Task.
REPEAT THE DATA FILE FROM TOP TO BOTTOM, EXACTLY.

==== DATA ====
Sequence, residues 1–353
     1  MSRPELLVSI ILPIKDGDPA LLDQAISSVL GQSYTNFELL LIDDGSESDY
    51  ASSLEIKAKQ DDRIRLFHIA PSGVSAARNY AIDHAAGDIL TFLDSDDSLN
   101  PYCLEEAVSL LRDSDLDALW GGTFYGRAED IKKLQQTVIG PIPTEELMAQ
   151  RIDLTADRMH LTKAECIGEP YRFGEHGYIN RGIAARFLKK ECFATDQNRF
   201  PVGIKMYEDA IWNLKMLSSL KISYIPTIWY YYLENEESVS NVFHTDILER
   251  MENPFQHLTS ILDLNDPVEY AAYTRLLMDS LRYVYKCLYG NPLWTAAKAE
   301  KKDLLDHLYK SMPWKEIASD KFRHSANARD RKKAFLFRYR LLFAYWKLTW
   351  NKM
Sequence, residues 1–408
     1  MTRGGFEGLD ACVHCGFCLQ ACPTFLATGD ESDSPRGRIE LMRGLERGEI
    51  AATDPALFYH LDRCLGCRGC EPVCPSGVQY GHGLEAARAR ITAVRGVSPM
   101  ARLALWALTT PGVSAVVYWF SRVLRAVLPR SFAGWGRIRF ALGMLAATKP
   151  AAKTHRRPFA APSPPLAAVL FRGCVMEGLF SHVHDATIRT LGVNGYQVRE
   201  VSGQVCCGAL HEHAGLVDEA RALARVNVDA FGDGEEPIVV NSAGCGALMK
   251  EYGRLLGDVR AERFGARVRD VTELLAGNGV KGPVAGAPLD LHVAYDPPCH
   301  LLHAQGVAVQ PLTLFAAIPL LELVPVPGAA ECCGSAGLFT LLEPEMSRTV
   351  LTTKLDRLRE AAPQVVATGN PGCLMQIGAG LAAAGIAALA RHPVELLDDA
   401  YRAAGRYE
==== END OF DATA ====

Sequence, residues 1–353
     1  MSRPELLVSI ILPIKDGDPA LLDQAISSVL GQSYTNFELL LIDDGSESDY
    51  ASSLEIKAKQ DDRIRLFHIA PSGVSAARNY AIDHAAGDIL TFLDSDDSLN
   101  PYCLEEAVSL LRDSDLDALW GGTFYGRAED IKKLQQTVIG PIPTEELMAQ
   151  RIDLTADRMH LTKAECIGEP YRFGEHGYIN RGIAARFLKK ECFATDQNRF
   201  PVGIKMYEDA IWNLKMLSSL KISYIPTIWY YYLENEESVS NVFHTDILER
   251  MENPFQHLTS ILDLNDPVEY AAYTRLLMDS LRYVYKCLYG NPLWTAAKAE
   301  KKDLLDHLYK SMPWKEIASD KFRHSANARD RKKAFLFRYR LLFAYWKLTW
   351  NKM
Sequence, residues 1–408
     1  MTRGGFEGLD ACVHCGFCLQ ACPTFLATGD ESDSPRGRIE LMRGLERGEI
    51  AATDPALFYH LDRCLGCRGC EPVCPSGVQY GHGLEAARAR ITAVRGVSPM
   101  ARLALWALTT PGVSAVVYWF SRVLRAVLPR SFAGWGRIRF ALGMLAATKP
   151  AAKTHRRPFA APSPPLAAVL FRGCVMEGLF SHVHDATIRT LGVNGYQVRE
   201  VSGQVCCGAL HEHAGLVDEA RALARVNVDA FGDGEEPIVV NSAGCGALMK
   251  EYGRLLGDVR AERFGARVRD VTELLAGNGV KGPVAGAPLD LHVAYDPPCH
   301  LLHAQGVAVQ PLTLFAAIPL LELVPVPGAA ECCGSAGLFT LLEPEMSRTV
   351  LTTKLDRLRE AAPQVVATGN PGCLMQIGAG LAAAGIAALA RHPVELLDDA
   401  YRAAGRYE